The tragic events of Sept. 11 and their aftermath have had the side effect of increasing popular interest in the workings of the U.S. military. Here at Yale, opinions concerning government service in general and the ROTC program in specific have become a hot topic of debate. From the pages of the Yale Daily News and the New Haven Register to Newsweek and The New York Times, an on-going discussion has developed over what the relationship between America’s academic elite and the military should be.
I propose that the very foundations of the debate itself are flawed, that our beliefs about the relative merits of military service are based on an outdated and anomalous standard.
When people find out that I plan to work for the Air Force, they often assume that one of my parents also served. Thoughts of serving in the military are so foreign to most of today’s elite that we assume those who do join are members of a modern warrior-caste.
Imagine the surprise, then, when I mention that not only were my parents non-military, but they were anti-war activists during the Vietnam War. The next question I inevitably receive is “so do they mind what you’re doing?” In a nutshell, this is the fundamental error of our collective thinking.
My father was an activist with Students for a Democratic Society, an anti-war student group of the 1960s and ’70s. He was also my biggest supporter when I decided to finance my Yale education with an ROTC scholarship.
Critics within the ivory tower find these two positions antithetical, yet they are not.
Our generation has grown up in an atmosphere that draws a sharp divide between intellectual scholarship and government service. Before the Vietnam War, however, this idea never entered the collective psyche of the academic elite, and there is little reason why, 30 years after, it should remain.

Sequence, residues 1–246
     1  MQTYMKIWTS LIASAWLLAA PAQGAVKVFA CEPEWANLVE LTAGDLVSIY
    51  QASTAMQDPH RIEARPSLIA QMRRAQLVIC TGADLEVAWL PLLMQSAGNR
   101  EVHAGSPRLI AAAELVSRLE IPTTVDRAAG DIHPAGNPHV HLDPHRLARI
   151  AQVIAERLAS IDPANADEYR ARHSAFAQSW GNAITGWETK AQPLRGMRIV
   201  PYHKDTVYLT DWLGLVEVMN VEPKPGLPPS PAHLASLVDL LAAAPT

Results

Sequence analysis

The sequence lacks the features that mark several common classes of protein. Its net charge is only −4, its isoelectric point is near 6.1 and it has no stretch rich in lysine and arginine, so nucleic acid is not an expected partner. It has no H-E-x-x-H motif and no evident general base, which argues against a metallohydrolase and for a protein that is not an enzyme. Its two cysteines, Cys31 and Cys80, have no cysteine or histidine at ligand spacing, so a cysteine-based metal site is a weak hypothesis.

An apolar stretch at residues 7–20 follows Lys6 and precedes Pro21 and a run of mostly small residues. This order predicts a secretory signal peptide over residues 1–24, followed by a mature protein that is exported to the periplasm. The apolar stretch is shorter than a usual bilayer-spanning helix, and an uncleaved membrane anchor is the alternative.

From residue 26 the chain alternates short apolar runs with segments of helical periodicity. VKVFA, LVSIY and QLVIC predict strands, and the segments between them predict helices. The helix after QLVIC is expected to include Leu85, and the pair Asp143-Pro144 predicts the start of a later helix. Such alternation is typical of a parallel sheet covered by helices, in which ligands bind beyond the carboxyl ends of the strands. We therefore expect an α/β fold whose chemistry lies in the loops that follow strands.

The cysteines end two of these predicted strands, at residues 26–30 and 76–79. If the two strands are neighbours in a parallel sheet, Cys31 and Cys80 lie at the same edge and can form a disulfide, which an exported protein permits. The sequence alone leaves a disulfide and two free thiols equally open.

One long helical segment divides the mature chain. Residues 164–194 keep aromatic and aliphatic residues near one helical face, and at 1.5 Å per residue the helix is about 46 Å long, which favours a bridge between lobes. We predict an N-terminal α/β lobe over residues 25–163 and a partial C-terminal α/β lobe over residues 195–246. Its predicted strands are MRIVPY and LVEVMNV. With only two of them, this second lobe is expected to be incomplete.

I’ve been raised to understand that it is the duty of the American intelligentsia to work from within the governmental system to effect change, not to stand idly by and criticize from the sidelines. The Rev. William Sloan Coffin, who was an outspoken critic of the Vietnam War while chaplin of Yale, was recently quoted as saying that ROTC has “no intrinsic educational value.”
With all my respect to Coffin, this quote misses the point. I don’t participate in ROTC to bolster my Yale education; I go to Yale in order to better serve my country once I graduate.
My way of thinking would not have appeared novel to our grandparents. The greatest minds of “the greatest generation” regularly intermingled the realms of government service and academia. The research branch of the Office of Strategic Services, the premier U.S. intelligence agency of its day, was staffed almost exclusively by Yalies during World War II and contributed greatly to ridding the world of fascism.
At war’s end, most of these men returned to college circles — indeed, most of today’s area study programs at major universities were founded by graduates of the OSS.
The Vietnam War changed everything. That poorly conceived, wrong-headed and unpopular war virtually erased the link between citizenship and service and greatly reinforced the divide between the civilian and military worlds. The vast inequities of the draft during Vietnam allowed the ethos of service to deteriorate so that those who fought were not fulfilling an obligation of citizenship but were unlucky at best, and wronged at worst.
I am not advocating that we forget the lessons of Vietnam, but rather that we learn from them and move forward. Perhaps current events will give us this opportunity. The writer David Brooks has gone so far as to say that Sept. 11 gave new direction to our generation.
At the very least the “war on terror” has raised American consciousness of military service so that recently it has become slightly more acceptable to the social elite. Two years ago I walked the streets of New Haven in my uniform, and no one looked me in the eye. Today, I’ll leave my room in Durfee Hall and be met with smiles all the way to my car.
I have no desire to be the poster child for military recruitment. I don’t think the military is for everyone — but I reject the notion that it has no place in academic circles. Our current crisis will inevitably fade, yet what America needs, now and in the future, are students just like us.
The country whose elite disdain the responsibility of governance is a country in jeopardy. Those who are most offended by the presence of the military in an academic setting should be the first to realize that we, the privileged few, have a duty to work for the betterment of our country.
Robbie Berschinski is a senior in Morse College.